There is a lot going on with this one. The nose is wild and complex: a ferret wool muffler, fresh out of the box, and thrown immediately into the sea and not an ocean. There are also notes of Caribbean conch shell: Barbudan conch, to be precise, plated atop sand dollars that were pulverized after being rejected at the currency exchange. This is Cognac’s and Port’s love child, and it’s beautiful, despite its illegitimacy and incestuous origins. Then comes the wisp of smoke, that’s a wisp from four miles away as you gaze up from the beach. It’s Lauren Bacall inhaling, then holding it and holding it and then breathing every last bit of it into her nostrils. It reaches up slow into your nasal cavity like a stalagmite from Herzog’s cave–or from a Borgesian cave that sprouted itself into a Gaudi cathedral.
[Bill: No one ever suspects the Spanish Cathedral!]
The mouth is an explosion of flavor that is best likened to the best orgy one could imagine for oneself. That is, if one is inclined to liken flavors to sex. Running with that theme: There are also notes of an angry prune, pointed in accusation. Erm… I’m not touching that one. Literally. Moving on… In addition, we found hints of rogue arugula growing in a melon patch. Oh Lordy. Gives a whole new meaning to “this stuff just writes itself,” doesn’t it? It’s lush in the same way as we imagine a plant from another planet might be that could immediately find a home in a claret bog. OK, this just needs to stop. Not yet! Gotta to see it through to the finish: It’s crazy seductive, like being Pygmalion, but instead of a sculptor, he was a cooper, and he was more aptly named Callipygian. And he fell in love with the amazing Sherry ba-donk-a-donk he’d created. Aaaaand we’re going to stop there, before this analogizing goes any further into MaltGoneWild territory.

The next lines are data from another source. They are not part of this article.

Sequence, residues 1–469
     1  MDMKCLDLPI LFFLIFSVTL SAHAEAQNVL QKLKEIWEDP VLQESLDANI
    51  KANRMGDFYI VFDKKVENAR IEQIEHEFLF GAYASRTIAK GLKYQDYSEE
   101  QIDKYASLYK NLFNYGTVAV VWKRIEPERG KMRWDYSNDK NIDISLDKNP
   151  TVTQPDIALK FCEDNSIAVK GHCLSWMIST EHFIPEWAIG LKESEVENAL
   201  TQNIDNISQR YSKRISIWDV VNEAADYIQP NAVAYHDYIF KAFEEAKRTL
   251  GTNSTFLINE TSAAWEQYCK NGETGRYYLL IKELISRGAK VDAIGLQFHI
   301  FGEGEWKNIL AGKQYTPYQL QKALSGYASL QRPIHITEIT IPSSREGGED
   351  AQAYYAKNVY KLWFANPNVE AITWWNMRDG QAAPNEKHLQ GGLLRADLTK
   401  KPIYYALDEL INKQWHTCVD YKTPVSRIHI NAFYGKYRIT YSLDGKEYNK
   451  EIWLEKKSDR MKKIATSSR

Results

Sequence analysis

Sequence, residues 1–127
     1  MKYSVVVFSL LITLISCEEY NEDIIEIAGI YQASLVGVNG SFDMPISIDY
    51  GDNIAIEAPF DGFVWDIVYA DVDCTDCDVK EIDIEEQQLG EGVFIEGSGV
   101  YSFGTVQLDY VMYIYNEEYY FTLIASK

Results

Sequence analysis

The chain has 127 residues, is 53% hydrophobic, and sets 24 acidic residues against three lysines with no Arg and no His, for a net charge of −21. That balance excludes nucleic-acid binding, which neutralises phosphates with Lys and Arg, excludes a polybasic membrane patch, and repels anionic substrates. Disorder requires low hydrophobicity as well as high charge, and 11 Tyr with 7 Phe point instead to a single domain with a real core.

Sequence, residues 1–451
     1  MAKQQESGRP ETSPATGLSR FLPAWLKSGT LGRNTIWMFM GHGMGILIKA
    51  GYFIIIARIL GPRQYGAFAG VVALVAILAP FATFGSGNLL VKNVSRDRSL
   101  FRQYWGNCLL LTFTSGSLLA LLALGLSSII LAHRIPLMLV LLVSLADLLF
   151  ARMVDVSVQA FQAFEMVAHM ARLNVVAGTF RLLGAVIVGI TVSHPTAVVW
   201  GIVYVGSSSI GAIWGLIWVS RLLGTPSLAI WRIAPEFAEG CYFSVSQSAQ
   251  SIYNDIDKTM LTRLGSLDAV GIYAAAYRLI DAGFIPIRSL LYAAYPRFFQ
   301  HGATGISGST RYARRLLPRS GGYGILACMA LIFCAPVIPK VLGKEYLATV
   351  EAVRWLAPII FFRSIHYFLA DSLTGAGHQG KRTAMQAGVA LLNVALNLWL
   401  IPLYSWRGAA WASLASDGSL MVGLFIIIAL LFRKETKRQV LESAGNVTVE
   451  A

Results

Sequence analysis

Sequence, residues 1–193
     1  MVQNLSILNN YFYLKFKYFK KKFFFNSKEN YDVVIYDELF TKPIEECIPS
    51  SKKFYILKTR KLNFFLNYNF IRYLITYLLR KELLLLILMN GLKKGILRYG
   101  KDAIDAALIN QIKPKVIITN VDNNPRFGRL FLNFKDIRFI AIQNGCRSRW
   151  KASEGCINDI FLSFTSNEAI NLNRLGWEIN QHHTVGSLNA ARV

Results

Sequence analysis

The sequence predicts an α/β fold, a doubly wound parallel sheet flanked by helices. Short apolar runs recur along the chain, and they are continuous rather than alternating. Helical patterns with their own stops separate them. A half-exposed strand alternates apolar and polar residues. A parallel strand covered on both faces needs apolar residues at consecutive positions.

The finish is like the aftertaste of a cigar enjoyed in the ship captain’s private quarters. And he’s into drying every fruit he can get his hands on, and he’s circumnavigated the globe thrice. We also got notes of urethane varnish on the mahogany wheels of the tray used for afternoon tea in the Sultan’s inner chamber, which he calls the Flower Room, because he’s lined the walls of it with hyacinths, smoked nasturtiums, and rose petals gathered from a cathedral floor after boiling holy water fell on them (from one of the Sultan’s more obscure conquests).
Overall, this is a truly stunning dram. Not for those opposed to peat, but perfect for those about to rock. We salute you, Springtide.
–My thanks to Bill and John for buying me this amazing whisky!